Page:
TitleInstrumental and sensory characteristics of selected nutritionally improved school foods
NameMandeville, Alyson (author), Daun, Henryk (chair), Lachance, Paul (internal member), Takhistov, Paul (internal member), Rutgers University, Graduate School - New Brunswick,
National school lunch program
DescriptionChildhood obesity is a growing problem in the United States. Recently enacted Federal and State regulations require school foods to be improved nutritionally. The objective of this study was to determine quality of selected newly developed school foods using instrumental and sensory methods. From the National School Lunch Program reimbursable meals chicken nuggets, macaroni and cheese, and pierogies were selected. From the Competitive Foods apple snacks were used. Surface color parameters (L, a*, and b*) were determined by colorimeter and digital camera. A texture analyzer (TA-xT2i) was used to measure texture specific to each product. Sensory Quantitative Descriptive analysis was used to evaluate six to eight sensory attributes per product. The results were compared with similar traditional products. Chicken nuggets with whole grain breading were darker red (L 132.43 and a* 147.96) and coarser, while home style were more yellow (b* 188.44) with firmer breading (407.59 g) and original variety was less yellow and red (b* 182.69 and a* 138.01) with softer meat texture (462.26 g/cm). Macaroni and cheese with 26% reduced fat was significantly saltier and less viscous than original (1486.21 g), however not significantly different in color, cheese aroma, or sweetness. Pierogies with 70% more protein per serving were significantly different with a firmer, grainier filling and darker surface color with values of L 59.14 and b* 14.98 and peak force of filling 7968.9 g. Freeze dried enriched apple snacks were significantly lighter in color, more red (L 170.13 and a* 137.71), firmer texture with average 2821.24 g peak force, more sour, bitter and had a rougher surface texture than air-dried apple snacks. Instrumental color, texture, and sensory characteristics of nutritionally improved products differed significantly from the similar traditional products. Additional efforts of processors will be necessary to prepare nutritionally improved products with high children's acceptability.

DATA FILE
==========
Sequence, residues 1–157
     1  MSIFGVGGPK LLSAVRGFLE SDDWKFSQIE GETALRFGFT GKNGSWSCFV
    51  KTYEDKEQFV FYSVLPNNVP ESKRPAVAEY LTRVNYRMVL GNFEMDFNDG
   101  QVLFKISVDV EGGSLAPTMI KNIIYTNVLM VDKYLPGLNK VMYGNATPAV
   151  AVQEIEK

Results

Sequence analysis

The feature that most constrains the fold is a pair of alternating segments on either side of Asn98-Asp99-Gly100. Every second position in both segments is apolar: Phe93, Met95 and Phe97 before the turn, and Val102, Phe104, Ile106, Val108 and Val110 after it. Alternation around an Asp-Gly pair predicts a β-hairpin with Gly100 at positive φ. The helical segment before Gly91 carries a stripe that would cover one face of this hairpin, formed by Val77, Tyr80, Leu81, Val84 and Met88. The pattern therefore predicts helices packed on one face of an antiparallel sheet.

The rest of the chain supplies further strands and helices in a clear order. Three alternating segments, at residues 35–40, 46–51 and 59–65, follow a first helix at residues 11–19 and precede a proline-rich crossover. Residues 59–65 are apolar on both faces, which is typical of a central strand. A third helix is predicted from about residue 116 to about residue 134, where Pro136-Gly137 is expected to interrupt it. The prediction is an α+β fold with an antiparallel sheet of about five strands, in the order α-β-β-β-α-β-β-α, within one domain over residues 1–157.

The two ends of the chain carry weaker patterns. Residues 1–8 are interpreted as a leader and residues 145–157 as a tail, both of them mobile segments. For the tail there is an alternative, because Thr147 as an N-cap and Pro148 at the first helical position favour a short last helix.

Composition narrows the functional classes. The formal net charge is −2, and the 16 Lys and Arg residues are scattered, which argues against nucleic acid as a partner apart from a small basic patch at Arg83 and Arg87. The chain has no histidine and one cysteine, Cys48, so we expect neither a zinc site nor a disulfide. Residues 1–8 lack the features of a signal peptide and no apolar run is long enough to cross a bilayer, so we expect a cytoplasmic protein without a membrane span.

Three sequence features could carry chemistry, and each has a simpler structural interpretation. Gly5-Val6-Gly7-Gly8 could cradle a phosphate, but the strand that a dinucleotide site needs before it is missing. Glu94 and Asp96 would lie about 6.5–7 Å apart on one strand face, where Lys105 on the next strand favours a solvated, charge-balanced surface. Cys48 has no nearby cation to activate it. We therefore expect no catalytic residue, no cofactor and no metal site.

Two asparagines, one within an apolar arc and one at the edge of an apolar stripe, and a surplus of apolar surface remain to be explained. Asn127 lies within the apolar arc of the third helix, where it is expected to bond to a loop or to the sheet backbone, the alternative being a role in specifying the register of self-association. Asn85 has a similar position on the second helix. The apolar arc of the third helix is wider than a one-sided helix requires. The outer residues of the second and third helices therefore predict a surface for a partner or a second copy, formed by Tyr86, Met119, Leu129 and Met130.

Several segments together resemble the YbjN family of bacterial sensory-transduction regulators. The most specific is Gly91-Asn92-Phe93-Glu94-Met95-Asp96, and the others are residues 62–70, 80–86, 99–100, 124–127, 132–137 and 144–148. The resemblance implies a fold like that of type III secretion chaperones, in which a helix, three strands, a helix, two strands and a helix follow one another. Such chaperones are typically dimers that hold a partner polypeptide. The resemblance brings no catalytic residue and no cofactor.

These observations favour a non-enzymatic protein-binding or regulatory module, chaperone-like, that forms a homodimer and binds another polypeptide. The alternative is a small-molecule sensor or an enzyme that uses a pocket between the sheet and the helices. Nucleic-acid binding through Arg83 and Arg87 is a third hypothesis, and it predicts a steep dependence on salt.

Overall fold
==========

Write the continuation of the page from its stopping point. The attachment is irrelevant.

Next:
NoteIncludes bibliographical references (p. 94-104)
Noteby Alyson Mandeville
CollectionGraduate School - New Brunswick Electronic Theses and Dissertations
RightsThe author owns the copyright to this work.